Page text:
Abstract

This work explores the tradition of ghost stories in Ancient Greece and Rome and compares them to modern ghost stories. It argues that modern ghost stories are closest to Roman ones in their descriptions of ghosts and narrative structure. It begins by introducing the concept of ghost stories and how they are defined. The first chapter covers the stories' descriptions of ghosts. It discusses the similarities and differences between their appearances, behaviors, and conditions. It shows that the modern conception of ghosts are more similar to the Roman conceptions of ghosts than Greek conceptions. The second chapter focuses on the narrative structure of ghost stories, comparing standard ghost story written works to folklore stories, both ancient and modern. It shows that the manner in which modern ghost stories are told are closer in structure to the Roman ones than to the Greek ones. The third chapter shows the reason behind the great difference between Ancient Greek and Roman ghost stories, namely that the concept of miasma in Ancient Greece replaced the fear of ghosts. This is shown by the fact that there are similarities between the way ghosts are described and the way miasma is described. The paper concludes by showing how ghost stories have evolved over time.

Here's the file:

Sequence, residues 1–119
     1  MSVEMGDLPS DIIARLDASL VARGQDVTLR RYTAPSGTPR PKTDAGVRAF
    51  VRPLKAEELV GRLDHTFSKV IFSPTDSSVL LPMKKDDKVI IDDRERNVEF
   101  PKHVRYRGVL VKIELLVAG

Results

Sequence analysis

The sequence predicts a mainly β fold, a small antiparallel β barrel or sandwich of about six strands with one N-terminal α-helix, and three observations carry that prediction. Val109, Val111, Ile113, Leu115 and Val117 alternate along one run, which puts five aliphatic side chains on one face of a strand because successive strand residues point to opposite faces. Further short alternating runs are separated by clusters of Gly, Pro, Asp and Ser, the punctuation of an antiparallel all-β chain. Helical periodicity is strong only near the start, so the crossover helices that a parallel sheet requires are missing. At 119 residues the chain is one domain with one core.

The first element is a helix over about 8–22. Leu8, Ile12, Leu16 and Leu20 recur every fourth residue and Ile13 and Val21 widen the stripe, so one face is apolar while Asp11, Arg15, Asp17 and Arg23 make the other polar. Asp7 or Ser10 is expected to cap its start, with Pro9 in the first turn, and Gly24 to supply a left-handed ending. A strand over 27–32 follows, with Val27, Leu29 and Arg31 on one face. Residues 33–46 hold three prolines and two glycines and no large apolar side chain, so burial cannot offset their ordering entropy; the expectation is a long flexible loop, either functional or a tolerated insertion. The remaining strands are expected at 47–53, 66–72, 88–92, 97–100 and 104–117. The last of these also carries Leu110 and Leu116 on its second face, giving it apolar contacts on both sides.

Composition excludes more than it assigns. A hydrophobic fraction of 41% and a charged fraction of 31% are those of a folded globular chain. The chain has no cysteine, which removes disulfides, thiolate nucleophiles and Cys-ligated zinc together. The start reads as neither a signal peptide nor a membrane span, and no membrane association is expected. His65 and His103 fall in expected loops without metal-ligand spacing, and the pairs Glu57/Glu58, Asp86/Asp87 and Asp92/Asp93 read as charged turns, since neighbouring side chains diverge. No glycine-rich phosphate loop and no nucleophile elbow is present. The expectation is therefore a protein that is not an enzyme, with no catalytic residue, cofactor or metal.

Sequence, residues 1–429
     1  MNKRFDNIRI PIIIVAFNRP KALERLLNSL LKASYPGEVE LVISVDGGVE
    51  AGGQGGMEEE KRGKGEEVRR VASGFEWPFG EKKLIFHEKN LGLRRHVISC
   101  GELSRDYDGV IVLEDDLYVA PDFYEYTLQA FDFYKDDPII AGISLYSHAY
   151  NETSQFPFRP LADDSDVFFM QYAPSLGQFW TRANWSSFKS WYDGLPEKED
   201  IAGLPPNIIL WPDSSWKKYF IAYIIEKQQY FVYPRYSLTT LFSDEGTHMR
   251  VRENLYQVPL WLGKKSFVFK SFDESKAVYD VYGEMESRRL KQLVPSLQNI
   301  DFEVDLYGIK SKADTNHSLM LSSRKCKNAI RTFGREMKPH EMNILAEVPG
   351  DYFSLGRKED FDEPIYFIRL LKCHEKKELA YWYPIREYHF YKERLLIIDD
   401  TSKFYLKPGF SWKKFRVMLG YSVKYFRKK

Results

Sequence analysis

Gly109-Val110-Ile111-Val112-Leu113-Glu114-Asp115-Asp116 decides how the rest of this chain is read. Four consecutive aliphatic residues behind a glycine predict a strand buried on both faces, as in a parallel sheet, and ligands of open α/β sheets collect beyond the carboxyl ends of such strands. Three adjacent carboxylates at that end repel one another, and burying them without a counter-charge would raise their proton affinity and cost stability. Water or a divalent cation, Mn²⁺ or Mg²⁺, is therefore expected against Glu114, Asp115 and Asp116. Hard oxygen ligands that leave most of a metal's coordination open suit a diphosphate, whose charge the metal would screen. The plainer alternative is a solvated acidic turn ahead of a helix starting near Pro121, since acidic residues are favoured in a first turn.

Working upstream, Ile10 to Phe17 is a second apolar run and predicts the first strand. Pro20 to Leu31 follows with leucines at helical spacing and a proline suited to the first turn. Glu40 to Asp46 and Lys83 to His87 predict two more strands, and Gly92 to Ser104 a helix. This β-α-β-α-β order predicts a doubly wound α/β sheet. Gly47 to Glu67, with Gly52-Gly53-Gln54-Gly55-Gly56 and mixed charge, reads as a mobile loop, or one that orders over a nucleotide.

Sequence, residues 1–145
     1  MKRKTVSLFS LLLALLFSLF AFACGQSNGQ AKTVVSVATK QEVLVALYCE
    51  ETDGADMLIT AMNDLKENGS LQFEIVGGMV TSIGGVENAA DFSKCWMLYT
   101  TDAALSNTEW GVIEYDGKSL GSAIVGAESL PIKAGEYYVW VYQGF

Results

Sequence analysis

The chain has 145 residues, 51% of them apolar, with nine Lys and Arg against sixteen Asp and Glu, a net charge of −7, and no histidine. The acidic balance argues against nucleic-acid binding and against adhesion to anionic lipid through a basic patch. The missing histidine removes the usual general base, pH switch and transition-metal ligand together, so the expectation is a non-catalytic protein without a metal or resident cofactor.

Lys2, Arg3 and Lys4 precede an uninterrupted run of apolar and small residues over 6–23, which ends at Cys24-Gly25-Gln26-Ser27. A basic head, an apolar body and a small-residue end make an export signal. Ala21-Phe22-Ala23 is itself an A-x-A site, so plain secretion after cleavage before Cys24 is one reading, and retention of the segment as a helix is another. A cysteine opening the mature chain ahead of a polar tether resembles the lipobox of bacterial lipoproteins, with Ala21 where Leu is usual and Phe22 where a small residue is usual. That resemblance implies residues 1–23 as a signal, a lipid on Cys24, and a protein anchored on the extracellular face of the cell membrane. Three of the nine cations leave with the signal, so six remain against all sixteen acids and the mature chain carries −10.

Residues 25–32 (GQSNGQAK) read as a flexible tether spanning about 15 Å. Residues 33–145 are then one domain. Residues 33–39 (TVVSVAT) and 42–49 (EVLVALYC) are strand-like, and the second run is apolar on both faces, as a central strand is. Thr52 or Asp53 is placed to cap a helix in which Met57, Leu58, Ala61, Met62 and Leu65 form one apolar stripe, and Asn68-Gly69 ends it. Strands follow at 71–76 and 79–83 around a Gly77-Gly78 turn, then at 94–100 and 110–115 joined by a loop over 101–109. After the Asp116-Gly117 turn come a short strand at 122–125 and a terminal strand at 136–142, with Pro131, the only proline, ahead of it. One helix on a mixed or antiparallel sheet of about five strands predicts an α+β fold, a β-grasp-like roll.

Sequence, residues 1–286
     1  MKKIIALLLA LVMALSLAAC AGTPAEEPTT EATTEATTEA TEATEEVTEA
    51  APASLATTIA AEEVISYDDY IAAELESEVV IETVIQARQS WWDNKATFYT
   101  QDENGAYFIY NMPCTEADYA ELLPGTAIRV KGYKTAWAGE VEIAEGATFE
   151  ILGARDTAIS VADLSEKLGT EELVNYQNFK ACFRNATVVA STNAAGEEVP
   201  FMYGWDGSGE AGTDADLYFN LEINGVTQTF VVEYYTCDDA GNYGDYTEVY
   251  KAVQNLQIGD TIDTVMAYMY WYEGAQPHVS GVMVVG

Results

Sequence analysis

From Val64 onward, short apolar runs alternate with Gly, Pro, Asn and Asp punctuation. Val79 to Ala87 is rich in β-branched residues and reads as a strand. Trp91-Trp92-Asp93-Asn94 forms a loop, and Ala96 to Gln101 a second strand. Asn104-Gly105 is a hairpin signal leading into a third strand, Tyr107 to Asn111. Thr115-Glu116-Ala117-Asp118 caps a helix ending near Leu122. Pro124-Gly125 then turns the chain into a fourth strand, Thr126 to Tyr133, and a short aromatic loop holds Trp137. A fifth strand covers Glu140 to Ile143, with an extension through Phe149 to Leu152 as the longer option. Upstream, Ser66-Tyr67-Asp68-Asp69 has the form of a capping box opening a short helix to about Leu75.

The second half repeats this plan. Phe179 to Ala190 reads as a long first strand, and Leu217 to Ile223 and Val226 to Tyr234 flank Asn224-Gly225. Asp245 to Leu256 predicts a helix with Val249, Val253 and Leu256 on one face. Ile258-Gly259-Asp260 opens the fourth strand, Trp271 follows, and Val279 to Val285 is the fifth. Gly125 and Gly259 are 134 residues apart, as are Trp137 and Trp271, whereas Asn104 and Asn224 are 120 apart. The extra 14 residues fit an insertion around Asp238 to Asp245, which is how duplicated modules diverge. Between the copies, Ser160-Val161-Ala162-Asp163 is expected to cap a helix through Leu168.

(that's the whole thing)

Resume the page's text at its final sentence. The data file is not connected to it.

Advisor

Teo, Wendy

Department

Classical Studies

Disciplines

Ancient History, Greek and Roman through Late Antiquity

Publication Date

2011

Degree Granted

Bachelor of Arts

Document Type

Senior Independent Study Thesis

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© Copyright 2011 Joshua Binus